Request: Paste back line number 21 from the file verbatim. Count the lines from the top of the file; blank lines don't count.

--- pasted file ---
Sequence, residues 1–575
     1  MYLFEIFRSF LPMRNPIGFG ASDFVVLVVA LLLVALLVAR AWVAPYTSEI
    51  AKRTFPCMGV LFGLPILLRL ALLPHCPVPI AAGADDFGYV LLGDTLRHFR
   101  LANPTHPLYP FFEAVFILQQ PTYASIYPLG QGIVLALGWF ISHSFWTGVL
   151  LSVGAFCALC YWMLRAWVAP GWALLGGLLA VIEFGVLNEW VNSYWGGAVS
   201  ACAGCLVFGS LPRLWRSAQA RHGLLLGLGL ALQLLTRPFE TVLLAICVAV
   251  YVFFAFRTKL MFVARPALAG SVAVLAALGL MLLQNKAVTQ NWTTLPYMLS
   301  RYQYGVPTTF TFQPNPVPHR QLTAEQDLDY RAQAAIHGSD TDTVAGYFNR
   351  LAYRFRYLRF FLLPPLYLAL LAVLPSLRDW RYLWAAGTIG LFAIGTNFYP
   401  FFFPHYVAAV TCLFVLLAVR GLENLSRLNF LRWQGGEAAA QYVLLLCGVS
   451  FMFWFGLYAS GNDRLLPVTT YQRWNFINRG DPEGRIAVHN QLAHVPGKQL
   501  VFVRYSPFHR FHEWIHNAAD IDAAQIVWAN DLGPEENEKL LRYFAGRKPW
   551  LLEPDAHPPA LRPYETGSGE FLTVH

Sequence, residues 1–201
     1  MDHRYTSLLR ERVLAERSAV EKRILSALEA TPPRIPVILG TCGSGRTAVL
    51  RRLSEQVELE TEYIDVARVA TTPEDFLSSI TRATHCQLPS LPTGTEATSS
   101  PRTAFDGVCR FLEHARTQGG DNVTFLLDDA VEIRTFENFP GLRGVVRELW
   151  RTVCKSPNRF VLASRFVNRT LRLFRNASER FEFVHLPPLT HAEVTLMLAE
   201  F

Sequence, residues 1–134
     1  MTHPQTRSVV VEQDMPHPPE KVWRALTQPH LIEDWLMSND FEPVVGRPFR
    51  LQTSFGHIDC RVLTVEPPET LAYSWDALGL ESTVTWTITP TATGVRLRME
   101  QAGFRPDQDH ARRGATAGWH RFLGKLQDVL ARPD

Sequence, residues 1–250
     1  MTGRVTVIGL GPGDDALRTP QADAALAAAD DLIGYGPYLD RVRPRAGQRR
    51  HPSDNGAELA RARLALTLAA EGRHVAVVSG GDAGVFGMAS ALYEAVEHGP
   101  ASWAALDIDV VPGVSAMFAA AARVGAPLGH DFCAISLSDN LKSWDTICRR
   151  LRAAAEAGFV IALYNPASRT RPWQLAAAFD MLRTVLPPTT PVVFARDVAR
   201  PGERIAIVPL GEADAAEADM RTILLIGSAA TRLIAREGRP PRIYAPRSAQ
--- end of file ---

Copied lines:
     1  MTHPQTRSVV VEQDMPHPPE KVWRALTQPH LIEDWLMSND FEPVVGRPFR